Etymology and history
The term "ideology" was born during the
Great Terror of
French Revolution, and acquired several other meanings thereafter.
The word, and the system of ideas associated with it, was coined by
Antoine Destutt de Tracy in 1796,
 while he was in prison pending trial during the Terror. The word was created by assembling the words
ἰδέα (near to the
Lockean sense) and
The coup that overthrew
Maximilien Robespierre allowed Tracy to pursue his work.
Tracy reacted to the terroristic phase of the revolution by trying to work out a rational system of ideas to oppose the irrational mob impulses that had nearly destroyed him. He devised the term to refer to a "science of ideas" which he hoped would form a secure foundation for the moral and political sciences by examining two things: 1) sensations people experienced as they interact with the material world; and 2) the ideas that formed in their minds due to those sensations. He conceived of "Ideology" a
liberal philosophy which provided a powerful defense of individual liberty, property,
free markets, and constitutional limits on state power. He argues that among these aspects ideology is the most generic term, because the science of ideas also contains the study of their expression and deduction.
Tracy worked this out during the Napoleonic regime, and
Napoleon Bonaparte came to view 'Ideology' a term of abuse which he often hurled against his liberal foes in Tracy's
Institut National. According to
Karl Mannheim's historical reconstruction of the shifts in the meaning of ideology, the modern meaning of the word was born when Napoleon used it to describe his opponents as "the ideologues".
Karl Marx adopted this negative sense of the term and used it in his writings (he described Tracy as a "fischblütige Bourgeoisdoktrinär", a fishblooded bourgeois doctrinaire).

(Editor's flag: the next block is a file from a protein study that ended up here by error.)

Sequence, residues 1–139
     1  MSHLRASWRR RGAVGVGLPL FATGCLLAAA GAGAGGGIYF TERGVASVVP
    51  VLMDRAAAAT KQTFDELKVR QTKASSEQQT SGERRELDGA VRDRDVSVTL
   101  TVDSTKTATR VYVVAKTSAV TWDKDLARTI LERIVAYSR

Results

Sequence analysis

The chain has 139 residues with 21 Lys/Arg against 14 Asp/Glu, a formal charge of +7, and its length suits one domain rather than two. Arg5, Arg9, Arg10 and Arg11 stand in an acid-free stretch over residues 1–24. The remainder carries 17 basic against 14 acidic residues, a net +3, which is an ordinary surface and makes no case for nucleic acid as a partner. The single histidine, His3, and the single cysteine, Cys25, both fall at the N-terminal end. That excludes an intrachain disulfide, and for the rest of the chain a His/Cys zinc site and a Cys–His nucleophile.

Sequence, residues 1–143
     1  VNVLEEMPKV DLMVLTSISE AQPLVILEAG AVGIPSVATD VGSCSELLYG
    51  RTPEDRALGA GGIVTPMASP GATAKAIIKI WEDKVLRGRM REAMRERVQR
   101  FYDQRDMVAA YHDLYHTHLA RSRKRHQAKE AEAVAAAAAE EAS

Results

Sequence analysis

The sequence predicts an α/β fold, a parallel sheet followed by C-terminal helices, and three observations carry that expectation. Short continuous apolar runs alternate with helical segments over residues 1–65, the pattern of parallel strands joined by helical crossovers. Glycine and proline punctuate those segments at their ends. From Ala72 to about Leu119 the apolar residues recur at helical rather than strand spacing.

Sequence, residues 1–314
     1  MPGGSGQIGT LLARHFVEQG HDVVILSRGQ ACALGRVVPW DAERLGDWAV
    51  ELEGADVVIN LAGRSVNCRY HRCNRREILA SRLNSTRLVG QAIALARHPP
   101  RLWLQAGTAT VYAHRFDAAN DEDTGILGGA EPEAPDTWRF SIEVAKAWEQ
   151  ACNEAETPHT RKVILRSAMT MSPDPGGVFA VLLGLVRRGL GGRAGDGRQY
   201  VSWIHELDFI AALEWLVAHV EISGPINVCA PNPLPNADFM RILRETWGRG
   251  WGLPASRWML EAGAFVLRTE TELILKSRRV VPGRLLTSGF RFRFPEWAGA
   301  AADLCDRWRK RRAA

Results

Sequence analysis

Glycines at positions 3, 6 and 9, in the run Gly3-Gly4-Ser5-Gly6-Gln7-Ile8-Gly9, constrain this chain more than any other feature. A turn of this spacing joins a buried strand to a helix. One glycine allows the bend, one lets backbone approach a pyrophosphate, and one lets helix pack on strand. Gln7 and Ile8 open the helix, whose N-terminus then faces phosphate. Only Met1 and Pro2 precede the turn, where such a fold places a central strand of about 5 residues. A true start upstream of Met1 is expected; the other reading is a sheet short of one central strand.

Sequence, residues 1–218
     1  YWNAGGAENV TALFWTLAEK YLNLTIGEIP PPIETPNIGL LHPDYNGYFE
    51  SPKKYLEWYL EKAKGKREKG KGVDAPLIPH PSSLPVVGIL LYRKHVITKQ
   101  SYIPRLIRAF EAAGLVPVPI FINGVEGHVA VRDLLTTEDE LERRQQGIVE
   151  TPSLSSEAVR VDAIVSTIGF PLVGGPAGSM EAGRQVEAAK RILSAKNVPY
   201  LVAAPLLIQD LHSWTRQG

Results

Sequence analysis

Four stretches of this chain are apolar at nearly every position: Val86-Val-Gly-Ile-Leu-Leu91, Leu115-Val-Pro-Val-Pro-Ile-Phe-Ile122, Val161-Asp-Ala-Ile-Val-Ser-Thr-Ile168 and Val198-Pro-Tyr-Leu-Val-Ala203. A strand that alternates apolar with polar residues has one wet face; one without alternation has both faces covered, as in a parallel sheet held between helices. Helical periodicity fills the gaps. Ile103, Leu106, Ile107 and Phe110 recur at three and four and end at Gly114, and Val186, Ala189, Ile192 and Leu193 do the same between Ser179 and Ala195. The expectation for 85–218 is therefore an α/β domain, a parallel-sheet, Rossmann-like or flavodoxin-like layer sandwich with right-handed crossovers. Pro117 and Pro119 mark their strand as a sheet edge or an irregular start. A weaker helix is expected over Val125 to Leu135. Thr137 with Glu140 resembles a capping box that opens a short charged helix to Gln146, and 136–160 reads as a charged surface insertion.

Tracy's major book,
The Elements of Ideology, was soon translated into the major languages of Europe, and in the next generation, when post-Napoleonic governments adopted a reactionary stance, influenced the Italian, Spanish and Russian thinkers who had begun to describe themselves as "liberals" and who attempted to reignite revolutionary activity in the early 1820s (these included the Carlist rebels in Spain, the Carbonari societies in France and Italy, and the Decembrists in Russia).
In the century after Tracy, the term ideology moved back and forth between positive and negative connotations.
(Perhaps the most accessible source for the near-original meaning of ideology is
Hippolyte Taine's work on the
Ancien Régime (the first volume of "Origins of Contemporary France"). He describes ideology as rather like teaching philosophy by the
Socratic method, but without extending the vocabulary beyond what the general reader already possessed, and without the examples from observation that practical science would require. Taine identifies it not just with Destutt De Tracy, but also with his milieu, and includes
Condillac as one of its precursors. (Destutt de Tracy read the works of Locke and Condillac while he was imprisoned during the
Reign of Terror.))
The term "ideology" has
dropped some of its pejorative sting, and has become a neutral term in the analysis of differing political opinions and views of social groups.
Karl Marx situated the term within
class struggle and domination,
 others believed it was a necessary part of
institutional functioning and